Tuesday, November 18, 2008

What Angels look for in a deal.

Angel investors don’t usually flock together and most like to invest close to home. So, where do you find them?

- Local service providers know them. Talk with lawyers, accountants, financial advisers, bankers, and business consultants.

- Attend seminars and forums hosted by groups like UCSD CONNECT and the San Diego Software Industry Council (SDSIC).

- Contact organized investment groups, such as TechCoast Angels, which has 300 members throughout Southern California, from San Diego to Santa Barbara.

Here's what San Diego Angel investor Charlie Gaylord looks for in a deal:

- a defined market of at least $50M.
- a real business, not just a product (a product should probably be sold off to
someone else).
- a potentially rewarding exit - X10 return in three to five years (> 100% / year)
- a good business model (that's the idea you’re going to execute against to create a
profitable business).
- a team that can execute well.

When Gaylord invests, it’s usually in a field he knows something about and he does only two or three deals a year. He looks for something that’s big, necessary, and can be defended. He’s very interested in seeing potential sales growth validated, not with a “hockey stick” market projection, but with serious market research. He likes companies that are market driven, not technology driven, but says most of the plans he sees are product or technology driven.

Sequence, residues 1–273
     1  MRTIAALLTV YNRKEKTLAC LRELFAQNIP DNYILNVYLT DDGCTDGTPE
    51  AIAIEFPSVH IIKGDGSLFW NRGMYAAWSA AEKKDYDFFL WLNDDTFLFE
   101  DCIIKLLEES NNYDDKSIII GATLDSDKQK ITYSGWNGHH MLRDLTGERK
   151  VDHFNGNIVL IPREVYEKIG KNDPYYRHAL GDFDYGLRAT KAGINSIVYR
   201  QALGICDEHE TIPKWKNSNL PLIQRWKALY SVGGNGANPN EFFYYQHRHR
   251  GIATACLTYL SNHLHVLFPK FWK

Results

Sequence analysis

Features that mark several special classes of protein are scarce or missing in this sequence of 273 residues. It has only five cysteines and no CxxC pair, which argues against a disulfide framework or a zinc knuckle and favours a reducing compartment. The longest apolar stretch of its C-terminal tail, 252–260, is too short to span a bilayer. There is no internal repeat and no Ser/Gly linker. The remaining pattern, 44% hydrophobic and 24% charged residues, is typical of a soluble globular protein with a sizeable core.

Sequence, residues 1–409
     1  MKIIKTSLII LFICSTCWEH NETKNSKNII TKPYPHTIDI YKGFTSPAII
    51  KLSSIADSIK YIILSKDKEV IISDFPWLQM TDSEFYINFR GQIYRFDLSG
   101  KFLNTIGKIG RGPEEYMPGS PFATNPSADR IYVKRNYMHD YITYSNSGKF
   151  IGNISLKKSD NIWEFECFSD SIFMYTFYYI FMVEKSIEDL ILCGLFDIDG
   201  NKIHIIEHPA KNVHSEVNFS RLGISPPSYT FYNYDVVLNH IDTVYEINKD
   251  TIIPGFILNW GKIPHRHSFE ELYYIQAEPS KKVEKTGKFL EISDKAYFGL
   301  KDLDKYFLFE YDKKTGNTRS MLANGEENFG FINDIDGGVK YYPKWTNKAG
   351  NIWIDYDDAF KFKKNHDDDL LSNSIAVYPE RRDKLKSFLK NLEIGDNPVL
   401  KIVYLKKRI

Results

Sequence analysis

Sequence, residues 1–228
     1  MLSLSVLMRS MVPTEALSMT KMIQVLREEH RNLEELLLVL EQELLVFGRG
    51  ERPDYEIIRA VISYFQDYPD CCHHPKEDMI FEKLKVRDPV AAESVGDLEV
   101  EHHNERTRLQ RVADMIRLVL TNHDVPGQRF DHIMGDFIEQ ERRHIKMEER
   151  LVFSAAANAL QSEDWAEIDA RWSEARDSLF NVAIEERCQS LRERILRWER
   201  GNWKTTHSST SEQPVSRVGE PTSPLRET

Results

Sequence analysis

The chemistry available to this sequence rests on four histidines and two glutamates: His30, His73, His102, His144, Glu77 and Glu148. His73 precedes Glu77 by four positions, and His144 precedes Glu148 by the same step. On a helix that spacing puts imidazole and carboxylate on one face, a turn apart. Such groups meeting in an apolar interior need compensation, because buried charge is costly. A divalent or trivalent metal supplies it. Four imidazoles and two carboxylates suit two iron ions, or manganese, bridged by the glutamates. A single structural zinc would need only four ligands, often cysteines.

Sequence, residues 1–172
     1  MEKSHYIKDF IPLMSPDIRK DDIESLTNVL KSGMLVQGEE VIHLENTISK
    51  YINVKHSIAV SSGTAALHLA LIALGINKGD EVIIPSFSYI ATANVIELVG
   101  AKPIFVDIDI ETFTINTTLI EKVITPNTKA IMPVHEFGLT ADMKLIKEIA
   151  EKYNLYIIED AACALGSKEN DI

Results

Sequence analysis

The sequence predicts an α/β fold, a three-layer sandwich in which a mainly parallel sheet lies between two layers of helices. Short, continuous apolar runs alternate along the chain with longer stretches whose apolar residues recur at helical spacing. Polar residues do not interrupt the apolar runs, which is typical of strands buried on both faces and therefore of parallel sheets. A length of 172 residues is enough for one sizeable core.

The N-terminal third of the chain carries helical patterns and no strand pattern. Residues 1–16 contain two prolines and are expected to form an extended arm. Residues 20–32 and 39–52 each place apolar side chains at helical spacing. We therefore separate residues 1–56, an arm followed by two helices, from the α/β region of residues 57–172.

If he hears that there’s no one in the market, he worries that there’s no market. If he hears that there are some serious players in the market, he worries that about being crushed. He’s drawn to products in emerging markets that are based on a fundamental improvement in something meaningful, such as a business process.

He says, “In summary, I’m looking for a business (not a product) which can grow to give me a financially rewarding exit (X10 return) in a reasonable time (3 to 5 years) that has a management team capable of leading it. I like to know the management team has thought enough about the business to be able to articulate it in a business plan.”

He suggests additional contributions a startup entrepreneur could look for from financial partners beyond just money might include:

- strategic relationships.
- business savvy.
- recruiting help.
- corporate governance.
- help preparing to go public.

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